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In Conversation with Ledbyher: Self-Produced Songstress Carves Her Way Through the City

Photo by Ruben Hunter

‘HALF’ begins with a tickling melody and a bubbly giggle, which immediately enthralls you; and that is exactly how Ledbyher is kickstarting her musically-destined arrival in London. Only just turning twenty, the proficient and talented Rachel Aisyah Diack crafts her innovative sound within the compact four walls of her university room, where the train tracks make their existence very much known. I first met her on the bottle-littered 10th floor terrace of our accommodation during Fresher’s week; she coolly sauntered outside with a friend, wearing a pink Ed Hardy tracksuit, with her exuberant and animated confidence. Two months after meeting her, she lets me interview her whilst sipping from a bottle of Magnum one hour prior to her birthday.

The new single features Sbk, a rapper she admired for a while even before he reached out to her two years ago for a collaboration, which finally came into fruition as a result of her arrival in London. Surprisingly, her recent move from countryside Norwich to the boundless city has not made things simpler for Rachel: “I was constantly living in retrospect of the future when I was in the countryside. When I move to London, I will do this and this… but now you can’t plan very well, because you’re in the plan already”.

I was curious to know why she decided to study film as opposed to the obvious choice of music, given her passion for it. “Technically, stuff you can do can be wrong. I don’t enjoy the idea of marking art; it’s a personal experience”. Studying music for A-level made her unconvinced of its benefit, and after not doing so well in her exam, Rachel casually hit up her tutor and slipped in that she was performing at Wireless Festival in 2021.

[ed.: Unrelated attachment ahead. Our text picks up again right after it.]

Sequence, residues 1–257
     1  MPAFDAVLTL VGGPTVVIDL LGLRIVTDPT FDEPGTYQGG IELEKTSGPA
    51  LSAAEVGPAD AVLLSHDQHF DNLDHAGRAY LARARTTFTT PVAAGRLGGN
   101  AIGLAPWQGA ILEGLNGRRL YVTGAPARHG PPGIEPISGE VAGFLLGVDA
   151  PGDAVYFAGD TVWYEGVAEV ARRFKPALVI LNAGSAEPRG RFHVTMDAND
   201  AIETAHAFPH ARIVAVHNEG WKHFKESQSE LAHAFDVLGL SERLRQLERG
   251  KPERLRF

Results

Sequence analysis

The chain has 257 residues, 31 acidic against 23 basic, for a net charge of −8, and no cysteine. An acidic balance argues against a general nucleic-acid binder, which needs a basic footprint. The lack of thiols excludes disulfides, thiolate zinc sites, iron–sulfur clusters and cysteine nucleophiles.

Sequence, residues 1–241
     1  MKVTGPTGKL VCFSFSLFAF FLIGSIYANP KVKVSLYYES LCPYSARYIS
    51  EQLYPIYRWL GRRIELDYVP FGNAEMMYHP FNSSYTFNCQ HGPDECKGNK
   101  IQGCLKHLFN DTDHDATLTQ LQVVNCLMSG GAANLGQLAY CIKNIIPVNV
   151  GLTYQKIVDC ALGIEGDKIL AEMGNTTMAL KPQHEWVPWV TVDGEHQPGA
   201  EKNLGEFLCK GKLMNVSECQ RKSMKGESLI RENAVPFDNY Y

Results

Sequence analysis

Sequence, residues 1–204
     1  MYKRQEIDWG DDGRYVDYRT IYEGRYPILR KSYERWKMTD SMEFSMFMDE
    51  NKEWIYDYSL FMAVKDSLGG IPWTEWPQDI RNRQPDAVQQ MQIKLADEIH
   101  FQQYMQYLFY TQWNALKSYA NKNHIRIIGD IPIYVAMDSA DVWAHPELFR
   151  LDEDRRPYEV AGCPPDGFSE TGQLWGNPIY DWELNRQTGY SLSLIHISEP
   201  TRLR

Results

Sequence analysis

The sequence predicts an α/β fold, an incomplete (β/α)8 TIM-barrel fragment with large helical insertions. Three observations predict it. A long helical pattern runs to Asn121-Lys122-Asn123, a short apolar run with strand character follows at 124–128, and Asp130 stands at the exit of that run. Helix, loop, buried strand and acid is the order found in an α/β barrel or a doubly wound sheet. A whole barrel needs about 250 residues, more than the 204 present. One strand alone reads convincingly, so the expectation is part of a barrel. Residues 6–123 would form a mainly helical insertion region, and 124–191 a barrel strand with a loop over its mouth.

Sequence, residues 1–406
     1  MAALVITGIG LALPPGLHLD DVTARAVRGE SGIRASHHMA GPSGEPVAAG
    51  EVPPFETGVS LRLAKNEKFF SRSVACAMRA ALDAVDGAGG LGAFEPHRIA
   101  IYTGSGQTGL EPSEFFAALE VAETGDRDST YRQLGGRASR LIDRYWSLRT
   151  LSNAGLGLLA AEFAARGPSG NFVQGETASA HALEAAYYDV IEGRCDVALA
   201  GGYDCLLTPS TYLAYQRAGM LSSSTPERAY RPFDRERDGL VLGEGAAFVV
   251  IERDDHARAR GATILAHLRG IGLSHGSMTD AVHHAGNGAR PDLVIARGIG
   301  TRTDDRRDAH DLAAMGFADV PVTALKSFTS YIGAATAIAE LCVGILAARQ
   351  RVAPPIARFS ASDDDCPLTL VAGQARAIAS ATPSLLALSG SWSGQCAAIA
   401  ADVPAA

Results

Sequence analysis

Supporting Girli on her ‘Damsel in Distress’ Tour in 2021, Rachel recalls her most memorable moment performing: “I noticed a pregnant woman at the back smiling a lot during my set. After the show, she came up to me and said, ‘you’re the first person my baby has heard perform live!’ I literally broke the fuck down”.

With dreamy and melodic vocals, Rachel’s sister Anjeli features on track ‘THE STAGE’ in Ledbyher’s debut EP Cunch; the sisters are now working on a collaborative EP. Rachel warmly discusses her relationship with Anjeli: “She’s been through everything I have. Some of my music is a bit risky and personal, but she wanted it to go out. She said I shouldn’t be afraid or worried about what people may think; she said I believe in you. Without that, I would have never put it out”.

With art’s potential to heal and serve as therapy, I inquired how creating and listening to music has helped during her troubled home past and home life. Through her uncertain childhood of being uprooted from her house in 2020, she couch-hopped and spent nights homeless. Nonetheless, Rachel carried her laptop from place to place, still creating, writing, and producing: “When everything is uprooted, you change your whole perspective. I thought, where can I write? Where can I fit it in? It was my sister who helped me change into a whole new person. That’s why I feel like I can adapt so well”.

With a constant hunger for new sounds, Rachel pulls inspiration for her music from everywhere: “the smallest thing like seeing something on the street or any interest in life that I have, I infuse into my music”. Rachel elaborates on her different phases: “At the minute I’m in an electronic phase, I’ve always been into rap, but I love exploring any genre. I was really into Indian techno for two weeks. I don’t listen to it much now, but it’s good that I did.” Taking inspiration in any way she can grasp, Ledbyher becomes an amalgamation of art.

The name “Ledbyher” captivates people when discovering her music, so I asked her about the meaning behind it: “During my GCSE’s there was a syllabus of poems for our English class, and we read one of the poems ‘The Prelude’ and the opening line of the extract read ‘One summer evening (led by her)’ and I would read it over and over. He’s personifying the world: The world gets him out the door. The world leads you by the mountains, the rivers, by everything.” Ledbyher takes words and poetry out of the brackets, leading us to her interior world and pens it to the stage.

To keep up with Ledbyher, you can find them on Instagram, Spotify and YouTube.


Edited by Akane Hayashi, Music Editor